Once pregnant, you will benefit from protection from unfavourable treatment from your employer. This lasts throughout the “protected period”, which begins at the start of your pregnancy as defined above and finishes at the end of your maternity leave.

Once you have informed your employer in writing that you are pregnant, and if there are any identified risks in the workplace to you or your unborn child, the employer must conduct a specific risk assessment for you in order to comply with health and safety during pregnancy.

If you are not eligible for maternity leave, for example, because of miscarriage (before 24 weeks) or because you are not an employee, then the protected period ends two weeks after the birth, or the end of the pregnancy. If the treatment is unsuccessful, and doesn’t result in pregnancy, the protected period extends for 2 weeks after finding out that the embryo transfer was unsuccessful.

Although there is no case law on the point, a woman undergoing IVF may have a claim for indirect sex discrimination if she is subjected to a detriment for a reason connected to the treatment – for example, where an employer does not allow her to take unpaid leave.

Changing your work pattern

IVF treatment is demanding and involves daily medication and frequent appointments. You could request flexible working while undergoing IVF treatment, and it might be worth negotiating a temporary change to working patterns (rather than the default permanent change).

Bear in mind however that the timing of the treatment is often unpredictable and may not lend itself to a regular flexible working pattern.

What if IVF is not successful?

IVF is not always successful, and it can be devastating to find out that you are not pregnant. As an employee, you have the right to sick leave if you wish to take time off work to come to terms with the situation. It is important to talk to your GP who may refer you to a counsellor. If you find yourself too ill to work for a period of 4 days or more, you may be able to receive Statutory Sick Pay after the 3rd day.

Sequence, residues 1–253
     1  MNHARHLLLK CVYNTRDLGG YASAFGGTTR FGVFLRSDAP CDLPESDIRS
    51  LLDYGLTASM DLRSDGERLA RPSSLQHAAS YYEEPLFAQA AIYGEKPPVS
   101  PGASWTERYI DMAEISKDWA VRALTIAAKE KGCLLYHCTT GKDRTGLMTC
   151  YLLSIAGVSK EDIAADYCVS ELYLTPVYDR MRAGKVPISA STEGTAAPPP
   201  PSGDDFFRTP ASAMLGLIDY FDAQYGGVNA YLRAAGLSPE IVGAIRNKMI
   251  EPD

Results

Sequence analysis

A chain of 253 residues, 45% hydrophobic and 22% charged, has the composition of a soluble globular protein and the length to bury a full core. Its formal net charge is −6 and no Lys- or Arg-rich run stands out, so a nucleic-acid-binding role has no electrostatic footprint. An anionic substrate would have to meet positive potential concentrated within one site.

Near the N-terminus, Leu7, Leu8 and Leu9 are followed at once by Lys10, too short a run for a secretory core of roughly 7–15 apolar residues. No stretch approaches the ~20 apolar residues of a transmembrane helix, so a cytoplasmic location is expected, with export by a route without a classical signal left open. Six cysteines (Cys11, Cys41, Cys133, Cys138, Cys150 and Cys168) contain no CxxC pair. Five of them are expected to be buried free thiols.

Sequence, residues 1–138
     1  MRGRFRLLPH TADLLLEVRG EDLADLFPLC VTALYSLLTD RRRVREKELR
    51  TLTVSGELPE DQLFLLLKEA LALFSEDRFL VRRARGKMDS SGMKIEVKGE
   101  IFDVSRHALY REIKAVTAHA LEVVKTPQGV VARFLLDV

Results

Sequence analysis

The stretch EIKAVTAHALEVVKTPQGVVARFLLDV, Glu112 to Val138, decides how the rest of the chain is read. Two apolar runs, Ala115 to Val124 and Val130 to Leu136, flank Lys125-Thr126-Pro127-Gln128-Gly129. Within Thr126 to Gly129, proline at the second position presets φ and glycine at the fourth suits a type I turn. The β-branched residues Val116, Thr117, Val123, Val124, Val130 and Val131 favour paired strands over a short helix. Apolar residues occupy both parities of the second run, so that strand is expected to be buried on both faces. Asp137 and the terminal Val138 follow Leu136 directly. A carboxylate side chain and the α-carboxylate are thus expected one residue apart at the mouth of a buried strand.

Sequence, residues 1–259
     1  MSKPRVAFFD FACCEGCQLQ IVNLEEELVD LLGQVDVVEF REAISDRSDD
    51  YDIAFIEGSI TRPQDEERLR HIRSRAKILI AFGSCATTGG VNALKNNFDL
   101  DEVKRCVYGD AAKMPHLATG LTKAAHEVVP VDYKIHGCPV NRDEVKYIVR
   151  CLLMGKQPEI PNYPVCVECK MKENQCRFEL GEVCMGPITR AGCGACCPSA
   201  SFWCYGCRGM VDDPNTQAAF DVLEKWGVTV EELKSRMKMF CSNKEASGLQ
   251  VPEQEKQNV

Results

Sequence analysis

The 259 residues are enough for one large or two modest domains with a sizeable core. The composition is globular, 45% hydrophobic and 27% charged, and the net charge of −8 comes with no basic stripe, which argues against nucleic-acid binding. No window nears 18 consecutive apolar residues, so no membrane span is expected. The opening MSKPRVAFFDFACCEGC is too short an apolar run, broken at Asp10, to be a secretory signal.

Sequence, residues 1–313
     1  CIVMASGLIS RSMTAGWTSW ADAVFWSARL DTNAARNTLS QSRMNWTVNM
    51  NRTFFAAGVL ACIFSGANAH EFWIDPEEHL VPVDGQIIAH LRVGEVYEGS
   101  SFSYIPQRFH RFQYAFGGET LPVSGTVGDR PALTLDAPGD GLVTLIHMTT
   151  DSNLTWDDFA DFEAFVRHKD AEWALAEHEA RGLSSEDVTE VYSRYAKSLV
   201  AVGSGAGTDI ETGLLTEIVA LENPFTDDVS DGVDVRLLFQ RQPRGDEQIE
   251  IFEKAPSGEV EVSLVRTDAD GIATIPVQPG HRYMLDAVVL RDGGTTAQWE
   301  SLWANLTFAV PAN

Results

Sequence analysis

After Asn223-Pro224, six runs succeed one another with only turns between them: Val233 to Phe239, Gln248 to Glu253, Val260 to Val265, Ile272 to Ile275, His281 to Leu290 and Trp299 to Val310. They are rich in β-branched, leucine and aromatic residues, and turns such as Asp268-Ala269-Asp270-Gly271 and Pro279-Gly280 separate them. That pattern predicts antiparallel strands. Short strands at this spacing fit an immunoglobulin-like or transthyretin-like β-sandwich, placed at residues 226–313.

What if I have a miscarriage?

If you have a miscarriage (before 24 weeks) you will not be entitled to maternity leave or pay. However, you should take sick leave for as long as your GP signs you off sick.

Sick leave for a miscarriage may be protected in the same way as sick leave for a pregnancy related illness, in which case, it should be ignored in respect of any promotion decision or the assessment of any other benefits at any stage of your employment. It should also not count towards your sickness record if your employer has a procedure that may lead to dismissal once an employee reaches a certain level of sickness absence. Even if it is not protected in the same way, employers must treat you fairly and it is unlawful to dismiss someone for an absence directly caused by miscarriage.

For more information on your rights if you have a miscarriage, or still birth, consult our pay on Miscarriage, stillbirth and neonatal death – your rights at work and to benefits.

The information on the law contained on this site is provided free of charge and does not, and is not intended to, amount to legal advice to any person on a specific case or matter. If you are not a solicitor, you are advised to obtain specific legal advice about your case or matter and not to rely solely on this information. Law and guidance is changing regularly in this area.